There’s two groups that don’t tell the Helmet Story, and I don’t mean the rabid anti-helmet folks.
No, one group is the helmet manufacturers themselves. And my next guess is that many of you are strenuously objecting right now—so let’s take a look at the most popular helmets in the USA (in no particular order).
First of all, all helmets sold in the USA have to meet, at minimum, DOT standards—and that information is available on the sites. But, we’ll take a look at standards in another entry.
Arai “You could go through a bunch of cheaper helmets in the lifespan of just a single 5-year-warranty Arai – and wind up spending more in the long run. Worse, you’d miss out on Arai’s legendary comfort, fit, features, and feeling of confidence along the way. A helmet is something you’re going to spend too much time and too many miles in to not ensure that every bit of it is a pleasure. So compromise somewhere else.”[i]
Iow Arai takes the same approach L’Oreal hair color took with women: yes it’s more expensive, but you’re “worth it.” But nothing in the manufacturer’s site says safety is what the rider is buying.
Shoei doesn’t say it’s reduces injuries or prevents death either: In the section “Inside A Shoei Helmet” there’s a subsection, “SHOEI ACTIVE SAFETY”: “As opposed to “passive safety” that is ensured by compliance with Snell and DOT safety standards, “active safety” defines the further improvements made by SHOEI to ensure that maximum comfort is achieved, allowing the rider to devote all of his or her focus to riding. Advanced helmet features such as our anatomically-shaped comfort liner for optimum helmet fitment, lowest possible weight to reduce stress on the neck muscles, and effective ventilation system for temperature regulation and reduction in wind noises all serve to further improve the safety of the rider. Further development and continued improvement in the areas of safety and comfort technology are SHOEI’s primary goals.”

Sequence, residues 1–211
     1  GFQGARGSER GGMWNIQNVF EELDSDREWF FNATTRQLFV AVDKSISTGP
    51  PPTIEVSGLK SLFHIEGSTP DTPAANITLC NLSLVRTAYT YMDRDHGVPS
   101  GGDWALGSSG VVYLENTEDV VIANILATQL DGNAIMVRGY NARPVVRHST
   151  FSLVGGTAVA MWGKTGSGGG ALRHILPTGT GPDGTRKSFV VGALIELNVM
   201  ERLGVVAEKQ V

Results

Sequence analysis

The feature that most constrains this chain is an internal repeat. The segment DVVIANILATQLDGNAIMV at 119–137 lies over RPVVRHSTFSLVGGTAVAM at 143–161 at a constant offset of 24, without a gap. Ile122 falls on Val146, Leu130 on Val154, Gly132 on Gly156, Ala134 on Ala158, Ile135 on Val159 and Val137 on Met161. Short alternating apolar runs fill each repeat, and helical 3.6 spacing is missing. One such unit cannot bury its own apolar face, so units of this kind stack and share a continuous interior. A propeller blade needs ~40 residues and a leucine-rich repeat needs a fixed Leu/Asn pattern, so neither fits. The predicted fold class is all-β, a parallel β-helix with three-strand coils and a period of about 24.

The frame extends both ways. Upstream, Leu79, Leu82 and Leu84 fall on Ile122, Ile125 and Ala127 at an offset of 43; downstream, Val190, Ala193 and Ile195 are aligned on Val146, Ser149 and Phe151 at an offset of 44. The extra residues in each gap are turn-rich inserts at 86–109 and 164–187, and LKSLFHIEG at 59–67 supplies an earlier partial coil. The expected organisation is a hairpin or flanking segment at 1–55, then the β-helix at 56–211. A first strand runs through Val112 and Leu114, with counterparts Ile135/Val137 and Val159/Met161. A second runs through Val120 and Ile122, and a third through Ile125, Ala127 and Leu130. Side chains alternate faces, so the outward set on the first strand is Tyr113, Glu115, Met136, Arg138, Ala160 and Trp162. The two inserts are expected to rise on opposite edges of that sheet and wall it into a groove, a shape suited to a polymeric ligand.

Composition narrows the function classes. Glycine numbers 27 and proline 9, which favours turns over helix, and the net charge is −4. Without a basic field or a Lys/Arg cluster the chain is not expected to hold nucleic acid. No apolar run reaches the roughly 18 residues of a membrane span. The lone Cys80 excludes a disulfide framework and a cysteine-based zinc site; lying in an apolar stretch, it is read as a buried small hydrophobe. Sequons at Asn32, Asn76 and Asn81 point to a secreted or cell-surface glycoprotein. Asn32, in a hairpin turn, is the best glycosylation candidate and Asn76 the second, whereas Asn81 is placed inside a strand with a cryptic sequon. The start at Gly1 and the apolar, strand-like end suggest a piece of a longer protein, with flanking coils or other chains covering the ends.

Shoei implies that safety is synonymous with comfort and that’s “active” safety. Safety is defined as the rider paying more attention, having a cooler head (which is only hot because they’re wearing a helmet) and is quieter (though the helmet itself is causing much of the noise which Shoei then dampens). All that is a limited truth because comfort can just as easily led to inattention. But that’s not why we buy helmets.[ii]
HJC doesn’t claim its helmets do anything either: “With the addition of the helmet models mentioned above, it is clear that HJC continues to be a brand that is friendly to motorcyclists around the world providing safe, comfortable, stylish and affordable helmets.”
In the section “Helmet Usage” HJC comes the closet to claiming that its helmet will reduce injury or death: “To reduce the risk of serious injury or death…” “and to help prevent damage to your helmet” …“always use your helmet correctly.” However, this doesn’t say the helmet reduces the risk. Rather, its what the rider does that will reduce the risk.
But that’s a half-truth. A rider can vastly reduce the risk of a crash by what he or she does (and that includes using the helmet correctly) but once the crash occurs, the rider can’t reduce the risk of injury or death—that’s exactly what a helmet is supposed to do. But that’s not what HJC claims.
Nolan Helmets has a truly ridiculous claim: “…since the early 1970′s, Nolan began using sophisticated materials to bring optimum performance to motorcycle riders at a competitive price.” Iow, it’s not skill or judgment that makes a rider perform as best (but not necessarily safely) as they can. Iow, helmets are like tires or a trellis frame or a few hundred extra cc’s. Safety—or even comfort—aren’t appeals that Nolan uses in its advertising.
KBC comes the closest to referencing safety in terms of helmets with its slogan: “Ride Long. Ride Hard. Ride Safe.” It’s also the only manufacturer that states a direct though somewhat ambiguous warning on its website: “PLEASE NOTE: A. No helmet can protect the user against all foreseeable impacts.”